|October 18, 1926
See Stirling’s Oct 25 journal entry, in which Stirling associates the custom with marriage. The custom of cutting off joints of fingers during times of mourning for the recently deceased has been widely reported from highland western New Guinea. See photographs in Plate LXXX, vol. 3 of De Bergpapoea’s van Nieuw-Guinea en hun woongebied by C.C.F.M. le Roux (Leiden: E.J. Brill, 1950).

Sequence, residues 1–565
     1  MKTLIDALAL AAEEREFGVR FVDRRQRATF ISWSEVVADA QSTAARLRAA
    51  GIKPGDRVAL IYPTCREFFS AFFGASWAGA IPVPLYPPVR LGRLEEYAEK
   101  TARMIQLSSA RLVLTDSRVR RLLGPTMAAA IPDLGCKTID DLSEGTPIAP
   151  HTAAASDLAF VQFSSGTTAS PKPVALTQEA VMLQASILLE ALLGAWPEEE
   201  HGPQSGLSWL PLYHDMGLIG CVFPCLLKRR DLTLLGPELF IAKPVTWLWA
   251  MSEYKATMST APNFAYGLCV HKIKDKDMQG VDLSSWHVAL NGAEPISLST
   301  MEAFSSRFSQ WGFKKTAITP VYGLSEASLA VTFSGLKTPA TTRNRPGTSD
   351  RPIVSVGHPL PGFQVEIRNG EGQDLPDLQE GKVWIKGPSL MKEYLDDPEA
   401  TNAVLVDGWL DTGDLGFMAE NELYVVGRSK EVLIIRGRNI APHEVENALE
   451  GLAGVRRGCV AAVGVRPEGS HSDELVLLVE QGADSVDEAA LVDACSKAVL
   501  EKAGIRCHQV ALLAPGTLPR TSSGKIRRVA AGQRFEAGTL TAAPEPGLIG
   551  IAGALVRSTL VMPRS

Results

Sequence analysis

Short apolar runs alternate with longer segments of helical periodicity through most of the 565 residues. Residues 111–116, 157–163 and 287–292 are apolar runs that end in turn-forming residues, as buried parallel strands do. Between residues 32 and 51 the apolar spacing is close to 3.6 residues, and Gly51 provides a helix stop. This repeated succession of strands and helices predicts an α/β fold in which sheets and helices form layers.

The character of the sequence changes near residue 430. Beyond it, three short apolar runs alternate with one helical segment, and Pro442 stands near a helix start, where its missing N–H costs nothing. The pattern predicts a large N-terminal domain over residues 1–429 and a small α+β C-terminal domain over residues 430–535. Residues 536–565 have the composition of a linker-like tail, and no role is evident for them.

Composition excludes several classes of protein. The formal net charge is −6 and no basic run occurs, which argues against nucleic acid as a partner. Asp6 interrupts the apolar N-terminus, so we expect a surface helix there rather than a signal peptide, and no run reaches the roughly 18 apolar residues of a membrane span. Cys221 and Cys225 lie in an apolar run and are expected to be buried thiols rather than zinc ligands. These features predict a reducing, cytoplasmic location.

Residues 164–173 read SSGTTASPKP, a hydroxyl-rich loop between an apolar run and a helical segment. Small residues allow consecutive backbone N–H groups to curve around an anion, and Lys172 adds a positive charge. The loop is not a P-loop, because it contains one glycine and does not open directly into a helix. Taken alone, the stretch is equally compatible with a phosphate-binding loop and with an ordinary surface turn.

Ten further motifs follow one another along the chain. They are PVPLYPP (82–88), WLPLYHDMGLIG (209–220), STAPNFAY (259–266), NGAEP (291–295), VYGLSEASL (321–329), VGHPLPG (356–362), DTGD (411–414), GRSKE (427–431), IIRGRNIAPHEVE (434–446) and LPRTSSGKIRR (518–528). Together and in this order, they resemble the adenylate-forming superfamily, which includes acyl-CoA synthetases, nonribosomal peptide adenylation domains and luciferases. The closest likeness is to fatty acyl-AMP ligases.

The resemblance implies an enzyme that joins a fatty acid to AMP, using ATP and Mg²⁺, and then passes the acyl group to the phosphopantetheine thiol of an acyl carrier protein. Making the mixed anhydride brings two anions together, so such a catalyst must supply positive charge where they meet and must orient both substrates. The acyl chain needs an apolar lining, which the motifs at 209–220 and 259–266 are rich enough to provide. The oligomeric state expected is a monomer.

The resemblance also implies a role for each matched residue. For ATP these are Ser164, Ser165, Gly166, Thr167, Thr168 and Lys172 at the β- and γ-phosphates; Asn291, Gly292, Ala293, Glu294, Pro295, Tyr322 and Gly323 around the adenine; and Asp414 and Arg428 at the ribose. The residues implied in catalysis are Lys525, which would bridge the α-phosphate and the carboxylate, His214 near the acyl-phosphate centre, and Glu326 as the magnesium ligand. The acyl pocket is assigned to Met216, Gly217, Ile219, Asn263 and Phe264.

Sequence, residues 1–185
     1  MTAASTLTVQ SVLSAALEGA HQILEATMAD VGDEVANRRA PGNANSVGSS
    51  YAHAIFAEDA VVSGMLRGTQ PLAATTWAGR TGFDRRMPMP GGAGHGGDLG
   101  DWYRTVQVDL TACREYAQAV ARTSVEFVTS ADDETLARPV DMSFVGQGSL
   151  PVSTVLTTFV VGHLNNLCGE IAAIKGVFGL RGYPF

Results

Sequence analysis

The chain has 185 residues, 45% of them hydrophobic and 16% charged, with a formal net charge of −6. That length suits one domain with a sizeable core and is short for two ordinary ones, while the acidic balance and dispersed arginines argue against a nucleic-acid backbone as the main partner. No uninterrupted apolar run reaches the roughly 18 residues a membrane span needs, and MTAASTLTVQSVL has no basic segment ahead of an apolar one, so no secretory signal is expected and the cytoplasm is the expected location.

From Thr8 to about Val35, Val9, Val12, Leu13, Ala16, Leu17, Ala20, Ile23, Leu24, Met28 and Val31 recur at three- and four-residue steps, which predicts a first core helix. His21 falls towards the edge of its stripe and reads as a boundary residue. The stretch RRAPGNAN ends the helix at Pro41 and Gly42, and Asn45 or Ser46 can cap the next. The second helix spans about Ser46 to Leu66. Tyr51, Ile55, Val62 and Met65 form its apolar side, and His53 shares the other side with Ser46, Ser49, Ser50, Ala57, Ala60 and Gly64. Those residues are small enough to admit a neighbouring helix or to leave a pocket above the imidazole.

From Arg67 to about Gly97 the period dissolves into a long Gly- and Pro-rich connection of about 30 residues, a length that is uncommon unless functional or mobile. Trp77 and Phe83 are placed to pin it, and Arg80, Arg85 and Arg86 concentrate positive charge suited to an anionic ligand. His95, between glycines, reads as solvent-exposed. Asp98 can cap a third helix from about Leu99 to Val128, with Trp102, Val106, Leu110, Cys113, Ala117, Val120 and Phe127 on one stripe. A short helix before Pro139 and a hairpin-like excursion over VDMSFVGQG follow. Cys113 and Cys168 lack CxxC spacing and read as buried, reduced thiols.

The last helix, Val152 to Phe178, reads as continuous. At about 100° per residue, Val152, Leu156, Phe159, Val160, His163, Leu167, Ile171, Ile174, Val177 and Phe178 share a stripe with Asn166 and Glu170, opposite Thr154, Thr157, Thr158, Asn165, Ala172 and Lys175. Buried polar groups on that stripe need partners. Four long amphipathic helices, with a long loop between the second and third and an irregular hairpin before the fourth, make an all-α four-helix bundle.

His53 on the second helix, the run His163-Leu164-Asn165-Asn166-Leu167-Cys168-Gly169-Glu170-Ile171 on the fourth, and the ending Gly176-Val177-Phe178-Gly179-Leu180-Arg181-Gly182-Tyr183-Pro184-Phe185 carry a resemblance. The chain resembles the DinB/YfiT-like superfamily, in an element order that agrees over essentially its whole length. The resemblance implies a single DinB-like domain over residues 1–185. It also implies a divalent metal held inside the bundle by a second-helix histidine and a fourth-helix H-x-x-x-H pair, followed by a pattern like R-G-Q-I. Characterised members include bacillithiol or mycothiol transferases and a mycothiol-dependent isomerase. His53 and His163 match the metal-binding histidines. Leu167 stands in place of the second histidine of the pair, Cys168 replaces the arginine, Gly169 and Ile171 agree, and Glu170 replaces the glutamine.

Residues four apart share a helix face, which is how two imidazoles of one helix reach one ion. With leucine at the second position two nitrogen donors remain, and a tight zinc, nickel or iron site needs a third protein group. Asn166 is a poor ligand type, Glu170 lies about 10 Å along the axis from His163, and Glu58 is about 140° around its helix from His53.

Also see illustration of Dani woman in mourning, for example, in Hampton’s Culture of Stone: Sacred and Profane Uses of Sone among the Dani (College Station: Texas A&M University Press, 1999) plate 2 and fig. 1.15 on p. 22; and discussion, pp. 21-22. More discussion of this practice is in Gardner and Heider’s Gardens of War: Life and Death in the New Guinea Stone Age (New York: Random House, 1968), p. 96.